Congressman Rick Nolan

Representing the 8th District of Minnesota
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Apr 5, 2017
In The News

HIBBING — To keep up with Hibbing’s 227 miles of paved roads and 81 miles of “crumbling” sanitary and storm water sewers, the city needs help.

“We can only do so much,” said Mayor Rick Cannata. “We can only raise taxes so much and go back to the taxpayers so many times. No one wants to pay more, and we can’t keep going back year after year.”

Cannata appealed to U.S. Rep. Rick Nolan during a forum Friday to discuss transportation and infrastructure needs. Several Range mayors, local wastewater treatment managers, economic developers and local and regional planners were also present.


Held at Hibbing City Hall, it was the first of two scheduled forums, with a second one slated for 11:30 a.m. today in Hermantown.

Nolan is the sole member of Minnesota’s House Delegation on the Transportation & Infrastructure Committee. He’s also on subcommittees for Highways and Transit, Aviation, and Water Resources and the Environment, among others.

“A strong economy requires strong infrastructure,” said the third-term congressman. “It’s vital to have good, strong infrastructure to maintain and develop businesses.”

Nolan acknowledged the many challenges in terms of transportation and infrastructure, while also noting the upside — President Donald Trump wants to spend $1 trillion in that arena.

“I’m in a position to have an impact,” he told stakeholders. “That’s why I’m holding these forums to learn about what the challenges in your communities are.”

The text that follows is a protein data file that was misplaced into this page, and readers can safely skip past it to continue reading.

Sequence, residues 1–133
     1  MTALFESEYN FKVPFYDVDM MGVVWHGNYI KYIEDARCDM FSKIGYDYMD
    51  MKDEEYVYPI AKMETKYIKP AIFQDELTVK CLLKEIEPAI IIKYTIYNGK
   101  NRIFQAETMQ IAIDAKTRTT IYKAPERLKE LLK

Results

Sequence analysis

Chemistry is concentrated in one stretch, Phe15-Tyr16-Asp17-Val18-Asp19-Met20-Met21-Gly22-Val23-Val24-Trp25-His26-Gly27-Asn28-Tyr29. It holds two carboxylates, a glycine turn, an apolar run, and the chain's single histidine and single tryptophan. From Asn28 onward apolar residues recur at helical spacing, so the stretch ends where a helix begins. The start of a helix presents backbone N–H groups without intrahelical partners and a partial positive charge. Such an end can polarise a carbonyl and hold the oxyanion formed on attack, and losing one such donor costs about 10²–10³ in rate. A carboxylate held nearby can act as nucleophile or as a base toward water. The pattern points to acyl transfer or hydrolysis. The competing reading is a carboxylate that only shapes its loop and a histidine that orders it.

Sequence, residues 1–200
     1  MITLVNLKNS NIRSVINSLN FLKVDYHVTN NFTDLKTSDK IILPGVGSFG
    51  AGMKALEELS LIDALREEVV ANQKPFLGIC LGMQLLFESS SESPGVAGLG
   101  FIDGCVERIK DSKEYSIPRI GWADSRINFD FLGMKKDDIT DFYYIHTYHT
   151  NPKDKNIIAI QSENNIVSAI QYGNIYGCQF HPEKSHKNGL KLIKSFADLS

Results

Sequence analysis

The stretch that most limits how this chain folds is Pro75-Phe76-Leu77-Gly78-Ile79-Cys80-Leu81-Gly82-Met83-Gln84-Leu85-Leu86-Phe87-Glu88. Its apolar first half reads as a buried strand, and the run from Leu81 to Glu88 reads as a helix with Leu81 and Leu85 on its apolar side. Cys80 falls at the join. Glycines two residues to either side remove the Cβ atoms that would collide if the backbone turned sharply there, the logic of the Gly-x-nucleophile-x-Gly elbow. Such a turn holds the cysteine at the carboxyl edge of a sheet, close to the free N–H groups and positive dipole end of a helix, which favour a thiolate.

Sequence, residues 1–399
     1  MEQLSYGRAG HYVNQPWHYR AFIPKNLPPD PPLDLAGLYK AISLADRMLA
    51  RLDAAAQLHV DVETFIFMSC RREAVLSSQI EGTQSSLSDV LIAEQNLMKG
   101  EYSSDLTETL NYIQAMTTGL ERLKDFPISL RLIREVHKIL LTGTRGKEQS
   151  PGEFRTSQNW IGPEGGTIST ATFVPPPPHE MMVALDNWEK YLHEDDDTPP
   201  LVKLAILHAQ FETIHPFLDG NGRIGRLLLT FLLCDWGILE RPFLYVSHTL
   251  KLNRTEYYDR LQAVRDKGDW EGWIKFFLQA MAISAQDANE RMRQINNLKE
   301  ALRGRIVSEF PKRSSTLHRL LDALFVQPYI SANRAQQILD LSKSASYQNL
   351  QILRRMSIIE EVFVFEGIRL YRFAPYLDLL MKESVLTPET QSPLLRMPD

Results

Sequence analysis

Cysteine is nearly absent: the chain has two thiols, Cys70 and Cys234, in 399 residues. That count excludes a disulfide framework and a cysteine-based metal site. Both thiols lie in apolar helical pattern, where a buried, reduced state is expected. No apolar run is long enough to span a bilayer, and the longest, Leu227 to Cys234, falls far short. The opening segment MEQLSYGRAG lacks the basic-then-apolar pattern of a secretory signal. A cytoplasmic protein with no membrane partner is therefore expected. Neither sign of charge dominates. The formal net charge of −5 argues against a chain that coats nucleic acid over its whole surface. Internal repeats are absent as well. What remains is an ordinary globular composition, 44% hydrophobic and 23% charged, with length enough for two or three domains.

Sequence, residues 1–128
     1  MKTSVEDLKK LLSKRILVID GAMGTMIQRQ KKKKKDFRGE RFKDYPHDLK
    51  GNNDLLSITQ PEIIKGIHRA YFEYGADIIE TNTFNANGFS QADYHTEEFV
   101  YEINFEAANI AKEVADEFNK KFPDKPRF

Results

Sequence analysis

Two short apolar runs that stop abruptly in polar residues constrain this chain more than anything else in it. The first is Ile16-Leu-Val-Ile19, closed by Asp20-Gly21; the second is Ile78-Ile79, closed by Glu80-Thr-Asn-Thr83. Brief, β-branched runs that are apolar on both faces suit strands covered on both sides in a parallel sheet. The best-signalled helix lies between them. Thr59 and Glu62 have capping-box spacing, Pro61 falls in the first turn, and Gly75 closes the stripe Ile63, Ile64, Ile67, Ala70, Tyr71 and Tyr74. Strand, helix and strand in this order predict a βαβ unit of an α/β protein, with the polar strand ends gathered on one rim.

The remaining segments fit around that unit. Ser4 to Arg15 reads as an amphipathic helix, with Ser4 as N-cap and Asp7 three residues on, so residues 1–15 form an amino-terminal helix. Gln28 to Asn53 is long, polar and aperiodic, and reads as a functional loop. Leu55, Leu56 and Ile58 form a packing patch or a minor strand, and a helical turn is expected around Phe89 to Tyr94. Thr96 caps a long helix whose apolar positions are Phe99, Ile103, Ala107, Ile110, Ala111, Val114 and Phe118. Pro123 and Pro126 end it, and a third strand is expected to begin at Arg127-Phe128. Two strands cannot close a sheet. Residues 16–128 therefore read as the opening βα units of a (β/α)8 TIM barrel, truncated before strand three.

Listing some of the “perplexing challenges,” Nolan spoke briefly about mercury standards, broadband, necessary repairs to the Soo Locks — not only for mining purposes but for national security — and issues with the Harbor Maintenance Fund.

Closer to home, he also mentioned the Highway 53 project, Highway 169 roadway work between Tower and Ely, the eight remaining miles of the Highway 169 Cross Range Expressway and the Central Iron Range Sanitary Sewer District (CIRSSD).

“There are some really big challenges here … just enormous,” said Nolan just prior to lending his ear. “But the opportunities are great too.”

More than a dozen officials testified as to the main issues in their cities, businesses or areas of expertise.

Cannata touched on the mercury standards, noting how the city has sunk $7 million into the wastewater treatment facility in recent years to meet the mandate. He also mentioned federal assistance for the Range Regional Airport, the need for more broadband and other Minnesota Pollution Control Agency (MPCA) standards.

“We are all in this together, you know,” he said. “We need to get more money and know where to go so we don’t have to keep going back to the taxpayers and force them to pay for things.”

Virginia Mayor Larry Cuffe said the city has had to raise the levy by nearly 30 percent in recent years, due in large part to building a new $20 million stand-alone wastewater treatment plant. During the process of building, mercury standards changed and the plant no longer meets the standards, forcing the city to negotiate with the MPCA for an extension.

He also petitioned for federal dollars to assist the city with its steam distribution lines, which are collapsing due to age.

“We are the largest producer and deliverer of steam to residential customers in the world,” said Cuffe. “ …But our system is not efficient. I’d estimate that we have over 100 steam leaks. We need to do more than patchwork. We need to replace it.”